Academic journal article African American Review

Creating Ethnography: Zora Neale Hurston and Lydia Cabrera

Academic journal article African American Review

Creating Ethnography: Zora Neale Hurston and Lydia Cabrera

Article excerpt

Research is formalized curiosity. It is poking and prying with a purpose. It is a seeking that he who wishes may know the cosmic secrets of the world and they that dwell within. (Hurston, Dust Tracks on a Road 127)

In comparing the collections of folktales by Zora Neale Hurston and Lydia Cabrera published throughout 1935 and 1936, one has to negotiate the professional, cultural, and personal forces that make creative forms possible, maybe even inevitable. Both women worked from multiple planes of identification: it is a challenge to pinpoint their professional roles as "native" and feminist ethnographers within the scholarly ethnographic tradition in which they were both trained and, in Hurston's case, professionally sidelined. In Mules and Men and Cuentos negros, respectively, Hurston and Cabrera display creative ethnographic strategies as part of their response to the scholarly tradition, thereby rising to multilayered professional and personal challenges.

James Clifford has unveiled the mystique of the ethnographer by carefully explaining the artistry and invention involved in ethnographic writing. Beyond the perhaps unconscious but still intentional recreation of a culture by the ethnographer, Clifford points out further that "interpreters constantly construct themselves through the others they study" (10). An ethnography that recreates a culture, while at the same time inscribing the self, requires from the investigator both physical distance and intense proximity. Recreating a culture can be a conscious attempt by the ethnographer to bring again to life in writing that culture which he or she has experienced firsthand. A recreation of a culture differs considerably from a sometimes sterile, analytical description of a people or group. Compare, for example, Hurston's Mules and Men (1936), as a cultural recreation, with Marcel Mauss's The Gift (1925) as an analytical and descriptive study. The dichotomy of distance and proximity may entail physical travel to a specific geographic site and/or an intellectual or emotional "journey" through memory, in order to establish the psychological distance prerequisite for achieving perspective and, oddly enough, what we call insight. Crucial here is the paradoxical and yet fundamental role that physical and emotional distances play in facilitating insight and recognition, while simultaneously promoting a scholar's self-construction.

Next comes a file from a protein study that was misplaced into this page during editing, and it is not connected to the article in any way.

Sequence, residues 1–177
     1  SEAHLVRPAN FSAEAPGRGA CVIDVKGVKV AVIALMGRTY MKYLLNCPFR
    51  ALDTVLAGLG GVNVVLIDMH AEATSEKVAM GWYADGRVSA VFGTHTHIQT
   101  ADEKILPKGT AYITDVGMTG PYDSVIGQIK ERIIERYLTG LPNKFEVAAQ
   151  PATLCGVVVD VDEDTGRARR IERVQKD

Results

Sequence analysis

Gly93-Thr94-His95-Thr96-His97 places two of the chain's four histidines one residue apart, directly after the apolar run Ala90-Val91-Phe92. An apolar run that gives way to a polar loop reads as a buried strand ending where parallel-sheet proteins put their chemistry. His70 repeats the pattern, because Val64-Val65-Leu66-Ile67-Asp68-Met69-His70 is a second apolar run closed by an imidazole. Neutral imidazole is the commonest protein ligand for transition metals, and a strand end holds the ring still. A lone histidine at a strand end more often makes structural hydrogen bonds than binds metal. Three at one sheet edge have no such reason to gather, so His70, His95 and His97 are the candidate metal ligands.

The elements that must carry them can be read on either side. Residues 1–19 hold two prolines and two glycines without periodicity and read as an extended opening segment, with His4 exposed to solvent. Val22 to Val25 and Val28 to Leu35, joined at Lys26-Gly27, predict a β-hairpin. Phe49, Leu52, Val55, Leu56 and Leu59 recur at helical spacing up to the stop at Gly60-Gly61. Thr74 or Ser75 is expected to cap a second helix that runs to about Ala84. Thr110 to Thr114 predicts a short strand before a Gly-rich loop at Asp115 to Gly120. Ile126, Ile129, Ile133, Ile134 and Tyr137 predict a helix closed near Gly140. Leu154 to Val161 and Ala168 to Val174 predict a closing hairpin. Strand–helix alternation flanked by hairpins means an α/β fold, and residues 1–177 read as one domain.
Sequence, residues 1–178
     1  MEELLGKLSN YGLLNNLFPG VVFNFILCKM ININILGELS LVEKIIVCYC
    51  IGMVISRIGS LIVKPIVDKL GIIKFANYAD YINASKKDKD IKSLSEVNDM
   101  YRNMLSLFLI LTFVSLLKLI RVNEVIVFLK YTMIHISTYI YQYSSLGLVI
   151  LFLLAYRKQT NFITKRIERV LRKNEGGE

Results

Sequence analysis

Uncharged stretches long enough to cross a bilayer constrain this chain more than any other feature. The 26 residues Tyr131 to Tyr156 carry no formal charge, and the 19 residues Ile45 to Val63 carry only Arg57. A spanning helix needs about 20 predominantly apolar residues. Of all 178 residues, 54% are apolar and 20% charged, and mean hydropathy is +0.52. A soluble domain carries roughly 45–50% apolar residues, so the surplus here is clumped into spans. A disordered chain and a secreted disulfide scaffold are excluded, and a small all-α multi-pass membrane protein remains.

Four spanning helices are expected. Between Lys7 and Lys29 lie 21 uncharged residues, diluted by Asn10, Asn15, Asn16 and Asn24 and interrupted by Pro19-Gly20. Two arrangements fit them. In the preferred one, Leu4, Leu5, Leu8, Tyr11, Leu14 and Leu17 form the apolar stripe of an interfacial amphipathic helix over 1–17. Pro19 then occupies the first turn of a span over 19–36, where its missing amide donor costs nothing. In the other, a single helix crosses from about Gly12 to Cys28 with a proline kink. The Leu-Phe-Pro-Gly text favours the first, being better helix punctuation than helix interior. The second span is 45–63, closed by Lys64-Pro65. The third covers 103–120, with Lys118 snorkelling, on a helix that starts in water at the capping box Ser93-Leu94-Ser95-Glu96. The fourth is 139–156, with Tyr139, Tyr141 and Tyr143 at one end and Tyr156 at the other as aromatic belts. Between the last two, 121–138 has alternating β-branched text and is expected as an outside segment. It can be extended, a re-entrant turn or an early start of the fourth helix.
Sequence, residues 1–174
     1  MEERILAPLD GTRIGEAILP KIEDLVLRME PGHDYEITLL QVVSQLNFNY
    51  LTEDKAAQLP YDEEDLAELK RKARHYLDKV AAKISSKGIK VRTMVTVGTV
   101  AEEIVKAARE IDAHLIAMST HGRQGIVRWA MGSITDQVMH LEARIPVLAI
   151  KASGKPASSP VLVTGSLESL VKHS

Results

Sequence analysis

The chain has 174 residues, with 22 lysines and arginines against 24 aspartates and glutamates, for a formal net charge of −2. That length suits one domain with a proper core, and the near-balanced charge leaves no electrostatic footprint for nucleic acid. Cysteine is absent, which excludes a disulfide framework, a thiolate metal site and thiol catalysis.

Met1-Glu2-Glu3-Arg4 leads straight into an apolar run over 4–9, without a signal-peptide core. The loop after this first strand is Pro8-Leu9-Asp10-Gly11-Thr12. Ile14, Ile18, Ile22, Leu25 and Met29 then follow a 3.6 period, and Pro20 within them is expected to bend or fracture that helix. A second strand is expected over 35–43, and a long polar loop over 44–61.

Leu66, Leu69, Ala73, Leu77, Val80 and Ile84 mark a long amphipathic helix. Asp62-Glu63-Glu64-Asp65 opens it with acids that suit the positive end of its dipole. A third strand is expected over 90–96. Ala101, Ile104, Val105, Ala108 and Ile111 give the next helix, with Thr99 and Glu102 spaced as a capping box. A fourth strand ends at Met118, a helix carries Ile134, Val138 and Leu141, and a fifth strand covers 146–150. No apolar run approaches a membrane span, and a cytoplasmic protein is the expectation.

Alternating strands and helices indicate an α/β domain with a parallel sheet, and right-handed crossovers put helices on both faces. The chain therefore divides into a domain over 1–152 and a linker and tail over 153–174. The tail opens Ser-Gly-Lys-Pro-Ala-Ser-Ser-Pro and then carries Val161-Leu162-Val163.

Combinations of memory "travel" and on-site ethnographic information collection by the Cuban writer, artist, and ethnographer Lydia Cabrera and the US American writer and ethnographer Zora Neale Hurston yielded published collections of Afro-Cuban and African American folktales within six months of one another in 1935 and 1936. (1) These women, although from completely divergent backgrounds, had uncannily similar moments of recognition and insight concerning a minority culture that was not entirely their own, at approximately the same time, but in two separate locations. While plotting out the journeys that paved the way for their creative and innovative work in Afro-Cuban and African American ethnography, this study will address their bifocal vision as insider-outsiders within the minority cultures they represent in folktales and within the "foreign" cultures to which they traveled. Cabrera's and Hurston's roles as "native ethnographers" will also be considered. In creating alternatives to traditional ethnographies, such as Franz Boas's Bella Bella Tales (1932), their collections can be understood as early examples of experimental and feminist ethnography.

Origins and Journeys

Lydia Cabrera, born in Cuba in 1900, was the eighth and youngest child of a prominent white Havana family. For a woman of her time and culture, she received an excellent education both from private tutors and by attending the San Alejandro Art Academy in Havana without her parents' knowledge. Studying on her own, Cabrera was able to pass the rigorous Cuban baccalaureat exams (Simo 7). …

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